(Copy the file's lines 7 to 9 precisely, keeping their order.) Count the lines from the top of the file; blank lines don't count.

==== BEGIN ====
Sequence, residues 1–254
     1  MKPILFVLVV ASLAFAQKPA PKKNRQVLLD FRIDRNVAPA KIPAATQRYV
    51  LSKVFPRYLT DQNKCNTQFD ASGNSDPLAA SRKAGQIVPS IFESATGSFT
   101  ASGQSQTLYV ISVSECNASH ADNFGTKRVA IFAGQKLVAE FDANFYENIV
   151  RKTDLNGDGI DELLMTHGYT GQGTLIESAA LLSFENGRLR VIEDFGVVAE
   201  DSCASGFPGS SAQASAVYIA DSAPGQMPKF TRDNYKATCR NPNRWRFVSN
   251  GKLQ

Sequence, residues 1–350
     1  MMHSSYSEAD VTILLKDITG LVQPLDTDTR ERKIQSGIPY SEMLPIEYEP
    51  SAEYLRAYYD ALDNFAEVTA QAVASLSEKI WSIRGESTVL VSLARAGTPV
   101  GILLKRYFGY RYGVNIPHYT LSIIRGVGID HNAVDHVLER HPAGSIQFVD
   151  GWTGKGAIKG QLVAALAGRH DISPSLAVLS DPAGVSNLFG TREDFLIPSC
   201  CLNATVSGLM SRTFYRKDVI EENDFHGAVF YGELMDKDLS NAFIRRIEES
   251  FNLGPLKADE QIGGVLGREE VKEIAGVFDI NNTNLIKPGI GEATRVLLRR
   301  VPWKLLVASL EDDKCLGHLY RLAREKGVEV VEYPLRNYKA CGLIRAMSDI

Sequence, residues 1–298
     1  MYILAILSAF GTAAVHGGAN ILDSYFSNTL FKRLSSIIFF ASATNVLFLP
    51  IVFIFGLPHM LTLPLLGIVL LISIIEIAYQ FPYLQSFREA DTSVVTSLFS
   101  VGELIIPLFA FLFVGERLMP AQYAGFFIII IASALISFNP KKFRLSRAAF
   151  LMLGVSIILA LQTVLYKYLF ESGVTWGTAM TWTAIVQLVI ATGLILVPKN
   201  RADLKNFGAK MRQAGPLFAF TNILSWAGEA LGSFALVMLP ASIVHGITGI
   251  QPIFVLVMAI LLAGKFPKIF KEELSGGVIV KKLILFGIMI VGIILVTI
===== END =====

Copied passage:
   251  GKLQ

Sequence, residues 1–350
     1  MMHSSYSEAD VTILLKDITG LVQPLDTDTR ERKIQSGIPY SEMLPIEYEP